Join us on the Hampden Rum Tour and journey into the heart of this working distillery.
Learn about the 260 year old rum making process still in use today and taste our Pure Single Jamaican Rum.
Explore the picturesque grounds surrounding the Hampden Great House while getting lost in the history of this magnificent estate.
One distillery, many marks.
The rich diversity of Hampden Estate’s rums comes, amongst many different factors, from the large array of marks produced by the distillery.
Each mark corresponds to a newly made spirit with specific, idiosyncratic characteristics of style, aromatic intensity, flavour profile, body and structure, obtained by respecting a certain formula in terms of raw materials used, fermentation time, methods, and distillation.
Leaving the town of Falmouth on an unpaved road, we pass through cane fields and bamboo tunnels.
Pass the remains of an old sugar factory and come to an avenue of royal palms that frame Hampden’s beautiful Great House.
Built in the late 18th century next to the distillery, the Great House is surrounded by a fabulous tropical garden and visitor’s center.
The distillery is a step back in time, unchanged since the 18th century. It is the quintessential spirit lover's dream.
The Boiling House is devoted to fermentation: you walk on old wooden floors and walkways, flanked by dozens of truncated cone-shaped wooden vats where the fermentation happens. At Hampden, fermentation is like a dream for anyone who can grasp the magic and mystery of this process that can transform flour into bread, grapes into wine and fermented sugarcane into rum. The process lasts between 8 and 15 days and takes place in the wooden vats whose slats speak of the passing of time. This happens thanks to the wild yeasts that live and reproduce in the fermentation rooms.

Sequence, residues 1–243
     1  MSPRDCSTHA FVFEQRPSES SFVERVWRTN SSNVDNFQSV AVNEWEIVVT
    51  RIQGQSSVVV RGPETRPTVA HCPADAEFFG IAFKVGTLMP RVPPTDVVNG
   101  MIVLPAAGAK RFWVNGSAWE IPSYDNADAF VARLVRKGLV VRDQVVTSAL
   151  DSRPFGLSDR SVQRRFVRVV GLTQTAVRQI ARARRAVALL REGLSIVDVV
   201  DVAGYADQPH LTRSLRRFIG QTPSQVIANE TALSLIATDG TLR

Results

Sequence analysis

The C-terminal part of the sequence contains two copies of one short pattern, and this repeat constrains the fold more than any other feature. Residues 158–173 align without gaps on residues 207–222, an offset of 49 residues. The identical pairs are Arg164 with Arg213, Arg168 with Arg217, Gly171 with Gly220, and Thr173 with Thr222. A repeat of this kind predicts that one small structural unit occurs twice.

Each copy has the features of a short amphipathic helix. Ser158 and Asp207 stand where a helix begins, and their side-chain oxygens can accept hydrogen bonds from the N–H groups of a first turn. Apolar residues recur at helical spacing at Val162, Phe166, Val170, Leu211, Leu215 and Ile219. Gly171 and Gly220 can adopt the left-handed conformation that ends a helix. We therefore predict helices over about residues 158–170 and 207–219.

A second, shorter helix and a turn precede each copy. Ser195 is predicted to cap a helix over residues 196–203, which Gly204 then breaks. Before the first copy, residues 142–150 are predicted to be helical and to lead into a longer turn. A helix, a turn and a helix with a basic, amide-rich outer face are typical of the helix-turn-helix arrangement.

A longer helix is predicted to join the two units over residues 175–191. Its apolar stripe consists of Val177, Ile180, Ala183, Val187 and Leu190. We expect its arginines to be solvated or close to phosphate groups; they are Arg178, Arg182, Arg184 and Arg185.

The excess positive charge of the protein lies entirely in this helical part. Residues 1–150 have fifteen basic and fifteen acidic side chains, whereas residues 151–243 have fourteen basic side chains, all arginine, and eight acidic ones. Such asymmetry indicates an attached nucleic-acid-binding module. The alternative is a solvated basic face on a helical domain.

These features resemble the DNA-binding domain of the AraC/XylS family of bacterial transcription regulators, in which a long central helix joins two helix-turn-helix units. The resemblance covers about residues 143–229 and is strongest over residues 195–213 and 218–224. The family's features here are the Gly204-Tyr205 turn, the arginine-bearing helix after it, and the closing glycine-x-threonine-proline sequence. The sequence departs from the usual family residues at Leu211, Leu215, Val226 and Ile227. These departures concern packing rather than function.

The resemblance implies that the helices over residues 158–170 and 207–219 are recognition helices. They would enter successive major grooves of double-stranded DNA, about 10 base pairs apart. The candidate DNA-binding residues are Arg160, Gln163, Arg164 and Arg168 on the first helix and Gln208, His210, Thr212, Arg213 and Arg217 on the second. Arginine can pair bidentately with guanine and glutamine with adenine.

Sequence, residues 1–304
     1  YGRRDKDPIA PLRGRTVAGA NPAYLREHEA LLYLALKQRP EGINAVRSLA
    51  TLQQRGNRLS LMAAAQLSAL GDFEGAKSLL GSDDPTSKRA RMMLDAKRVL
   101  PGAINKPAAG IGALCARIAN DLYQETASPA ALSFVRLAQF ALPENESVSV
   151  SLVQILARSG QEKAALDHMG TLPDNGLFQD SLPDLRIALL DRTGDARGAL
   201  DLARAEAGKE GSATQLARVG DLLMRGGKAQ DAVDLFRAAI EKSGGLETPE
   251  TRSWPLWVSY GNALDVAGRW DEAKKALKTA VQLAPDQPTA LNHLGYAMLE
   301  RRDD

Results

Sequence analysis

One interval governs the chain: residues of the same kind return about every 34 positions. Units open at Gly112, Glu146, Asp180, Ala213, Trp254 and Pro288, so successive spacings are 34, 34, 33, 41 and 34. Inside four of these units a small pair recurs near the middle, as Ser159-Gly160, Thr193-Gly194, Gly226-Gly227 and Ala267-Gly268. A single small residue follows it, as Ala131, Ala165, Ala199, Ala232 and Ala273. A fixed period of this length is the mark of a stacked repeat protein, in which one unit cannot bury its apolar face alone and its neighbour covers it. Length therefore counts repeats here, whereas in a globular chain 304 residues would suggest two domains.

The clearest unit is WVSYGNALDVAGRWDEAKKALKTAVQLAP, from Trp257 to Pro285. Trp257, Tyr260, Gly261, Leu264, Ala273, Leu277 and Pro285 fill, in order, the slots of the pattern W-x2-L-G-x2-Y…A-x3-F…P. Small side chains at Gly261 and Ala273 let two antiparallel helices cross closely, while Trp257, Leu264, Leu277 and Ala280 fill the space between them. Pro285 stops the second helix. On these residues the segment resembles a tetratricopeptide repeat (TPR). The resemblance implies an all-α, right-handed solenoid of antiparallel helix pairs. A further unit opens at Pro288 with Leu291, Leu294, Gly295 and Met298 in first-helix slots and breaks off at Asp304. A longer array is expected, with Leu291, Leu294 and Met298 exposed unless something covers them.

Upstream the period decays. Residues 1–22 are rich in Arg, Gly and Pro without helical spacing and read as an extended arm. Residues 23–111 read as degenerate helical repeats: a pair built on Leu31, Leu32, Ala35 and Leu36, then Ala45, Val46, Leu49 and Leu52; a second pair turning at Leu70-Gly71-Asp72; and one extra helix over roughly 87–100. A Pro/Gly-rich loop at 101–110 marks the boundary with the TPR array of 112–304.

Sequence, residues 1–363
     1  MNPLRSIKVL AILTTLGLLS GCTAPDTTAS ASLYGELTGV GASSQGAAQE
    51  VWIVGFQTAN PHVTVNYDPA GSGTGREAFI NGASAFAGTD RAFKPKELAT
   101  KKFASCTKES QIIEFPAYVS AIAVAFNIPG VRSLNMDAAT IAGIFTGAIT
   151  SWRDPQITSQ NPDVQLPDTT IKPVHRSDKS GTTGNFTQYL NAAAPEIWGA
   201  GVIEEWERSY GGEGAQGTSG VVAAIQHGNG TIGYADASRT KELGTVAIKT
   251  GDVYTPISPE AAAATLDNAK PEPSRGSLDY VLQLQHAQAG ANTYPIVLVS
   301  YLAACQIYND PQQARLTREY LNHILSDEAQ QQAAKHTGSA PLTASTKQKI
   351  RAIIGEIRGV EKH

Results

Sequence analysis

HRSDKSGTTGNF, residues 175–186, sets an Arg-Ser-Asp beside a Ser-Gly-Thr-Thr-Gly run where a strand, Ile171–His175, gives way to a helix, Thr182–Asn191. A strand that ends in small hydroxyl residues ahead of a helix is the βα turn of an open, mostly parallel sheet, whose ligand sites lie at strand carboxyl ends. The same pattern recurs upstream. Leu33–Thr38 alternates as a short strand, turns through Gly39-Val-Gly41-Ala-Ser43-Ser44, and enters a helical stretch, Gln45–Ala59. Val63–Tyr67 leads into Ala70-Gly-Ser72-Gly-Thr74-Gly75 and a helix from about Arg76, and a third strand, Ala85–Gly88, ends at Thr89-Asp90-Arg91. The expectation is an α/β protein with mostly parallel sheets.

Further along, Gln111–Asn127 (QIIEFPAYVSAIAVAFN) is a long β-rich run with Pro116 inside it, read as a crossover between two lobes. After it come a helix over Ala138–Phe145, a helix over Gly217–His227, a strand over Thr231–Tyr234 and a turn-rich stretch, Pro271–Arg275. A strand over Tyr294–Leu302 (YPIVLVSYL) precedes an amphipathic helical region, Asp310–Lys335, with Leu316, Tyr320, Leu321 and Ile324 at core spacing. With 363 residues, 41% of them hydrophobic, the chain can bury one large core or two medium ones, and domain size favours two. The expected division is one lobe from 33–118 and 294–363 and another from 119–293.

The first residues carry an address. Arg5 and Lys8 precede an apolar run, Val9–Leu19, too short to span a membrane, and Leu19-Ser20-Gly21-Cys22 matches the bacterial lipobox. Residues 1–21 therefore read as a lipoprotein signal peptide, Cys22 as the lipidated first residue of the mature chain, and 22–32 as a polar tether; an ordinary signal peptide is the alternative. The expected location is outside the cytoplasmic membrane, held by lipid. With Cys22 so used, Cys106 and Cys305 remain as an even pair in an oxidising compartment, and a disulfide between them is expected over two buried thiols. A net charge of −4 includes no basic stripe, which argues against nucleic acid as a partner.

Leaving the Boiling House, we arrive to Hampden's four iconic pot stills that are the heart of the distillery.
The oldest is a John Dore, which was installed in 1960 and can contain 2,000 gallons (7,560 litres). The Vendome dates back to 1994 and can contain 5,000 gallons (18,900 litres); it is installed on a “covered veranda” and is the only still that faces the sugarcane fields surrounding the distillery. The Forsyth still came into operation in 2010, with a capacity of 5,000 gallons. In 2016 the fourth pot still joined the others: built by the South African firm TNT, it also has a capacity of 5,000 gallons. Adjoining the main building are the ageing rooms and the large “pool” where they produce the pure sugar cane vinegar which, added at the fermentation stage, gives Hampden rum its unique and unmistakable aromatic bouquet.